Four years after his sudden disappearance, the I.D. card of young artist Nacho (Salmerón) mysteriously turns up in the possession of a hospitalized junkie. This puts the fear into six of his friends, since they were responsible for Nacho's death and secret burial. Their attempt to move the body results in a fiery conflagration, and things rapidly get worse from there: the police (led by the excellent Gutierrez-Caba) start closing in; Ivan (Martínez) starts to see Nacho everywhere; and one by one, the culprits start dying in bizarre ways.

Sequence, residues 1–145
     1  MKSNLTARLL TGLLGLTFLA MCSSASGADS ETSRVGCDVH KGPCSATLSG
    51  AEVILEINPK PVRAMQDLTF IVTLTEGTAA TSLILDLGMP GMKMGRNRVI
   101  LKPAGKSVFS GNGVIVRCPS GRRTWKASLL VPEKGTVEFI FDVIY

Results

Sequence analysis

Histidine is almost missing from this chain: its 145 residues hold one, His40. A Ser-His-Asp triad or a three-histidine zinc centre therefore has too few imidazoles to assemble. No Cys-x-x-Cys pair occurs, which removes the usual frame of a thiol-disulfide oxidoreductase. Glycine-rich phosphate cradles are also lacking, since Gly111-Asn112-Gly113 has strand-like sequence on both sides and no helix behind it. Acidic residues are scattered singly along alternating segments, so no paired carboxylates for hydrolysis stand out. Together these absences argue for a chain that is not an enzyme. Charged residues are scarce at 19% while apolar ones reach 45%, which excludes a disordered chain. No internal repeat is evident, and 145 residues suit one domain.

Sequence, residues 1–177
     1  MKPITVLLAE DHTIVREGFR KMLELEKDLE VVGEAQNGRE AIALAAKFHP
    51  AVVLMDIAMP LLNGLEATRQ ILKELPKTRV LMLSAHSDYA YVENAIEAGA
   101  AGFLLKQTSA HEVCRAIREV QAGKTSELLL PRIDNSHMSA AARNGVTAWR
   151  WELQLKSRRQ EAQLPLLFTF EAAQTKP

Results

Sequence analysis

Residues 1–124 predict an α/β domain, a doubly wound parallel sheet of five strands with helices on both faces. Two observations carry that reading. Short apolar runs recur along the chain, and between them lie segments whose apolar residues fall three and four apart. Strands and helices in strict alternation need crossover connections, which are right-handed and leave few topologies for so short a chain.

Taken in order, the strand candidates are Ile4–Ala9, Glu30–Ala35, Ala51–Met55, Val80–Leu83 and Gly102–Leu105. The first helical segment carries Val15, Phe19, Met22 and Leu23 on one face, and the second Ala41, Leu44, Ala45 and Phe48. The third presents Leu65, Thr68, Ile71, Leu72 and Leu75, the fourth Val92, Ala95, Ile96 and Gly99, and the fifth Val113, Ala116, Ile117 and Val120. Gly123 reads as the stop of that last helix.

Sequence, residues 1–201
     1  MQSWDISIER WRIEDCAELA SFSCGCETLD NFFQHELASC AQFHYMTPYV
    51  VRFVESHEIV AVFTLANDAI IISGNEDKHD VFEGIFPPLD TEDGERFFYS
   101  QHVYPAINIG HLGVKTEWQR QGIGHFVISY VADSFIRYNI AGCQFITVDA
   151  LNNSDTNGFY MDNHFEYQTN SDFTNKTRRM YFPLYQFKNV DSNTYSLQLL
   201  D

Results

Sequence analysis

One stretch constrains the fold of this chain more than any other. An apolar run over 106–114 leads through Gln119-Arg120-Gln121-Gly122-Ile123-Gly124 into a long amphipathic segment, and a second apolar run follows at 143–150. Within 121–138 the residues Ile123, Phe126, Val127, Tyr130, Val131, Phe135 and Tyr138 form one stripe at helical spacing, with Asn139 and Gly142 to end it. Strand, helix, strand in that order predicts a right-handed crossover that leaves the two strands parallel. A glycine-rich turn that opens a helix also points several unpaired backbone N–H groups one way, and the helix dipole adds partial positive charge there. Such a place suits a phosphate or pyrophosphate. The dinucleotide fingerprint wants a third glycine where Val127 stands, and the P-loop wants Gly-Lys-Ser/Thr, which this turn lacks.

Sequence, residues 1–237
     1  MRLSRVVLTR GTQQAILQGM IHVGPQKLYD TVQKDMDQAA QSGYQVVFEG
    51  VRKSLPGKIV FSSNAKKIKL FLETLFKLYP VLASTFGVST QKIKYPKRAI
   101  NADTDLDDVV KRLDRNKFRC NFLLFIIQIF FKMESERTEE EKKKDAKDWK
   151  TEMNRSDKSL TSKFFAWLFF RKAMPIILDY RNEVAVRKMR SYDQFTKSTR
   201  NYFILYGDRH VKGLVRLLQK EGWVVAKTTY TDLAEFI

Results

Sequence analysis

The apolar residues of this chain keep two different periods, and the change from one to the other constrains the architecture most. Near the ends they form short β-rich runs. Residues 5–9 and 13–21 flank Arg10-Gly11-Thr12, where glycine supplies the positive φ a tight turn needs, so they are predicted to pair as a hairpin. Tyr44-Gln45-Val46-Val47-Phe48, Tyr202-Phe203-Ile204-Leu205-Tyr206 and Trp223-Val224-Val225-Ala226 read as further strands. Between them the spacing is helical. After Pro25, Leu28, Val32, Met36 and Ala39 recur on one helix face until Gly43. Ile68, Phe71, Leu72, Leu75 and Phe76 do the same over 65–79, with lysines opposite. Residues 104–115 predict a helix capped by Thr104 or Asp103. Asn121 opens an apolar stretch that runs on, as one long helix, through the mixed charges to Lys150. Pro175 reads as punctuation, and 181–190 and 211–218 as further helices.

There are a number of ways this could go, but odds are you probably won't spot the direction here. That it doesn't quite work, is in part because when we finally get to see what happened to Nacho, there's a palpable sense of "Is that it?", enhanced by the lengthy wait for it to be revealed. The deaths lack the vicious imagination of Final Destination or the visual flair of Argento's best work, yet are certainly staged with panache. If the characters are barely developed, and seem as if their main purpose is victims for dispatch, that's pretty much par for the course in the genre. I'm thus prepared to overlook it, and instead praise this for trying something that requires a bit of thought. While it may not be a complete success, the semi-intelligent slasher movie is a rare beast, and enough works here to deserve credit.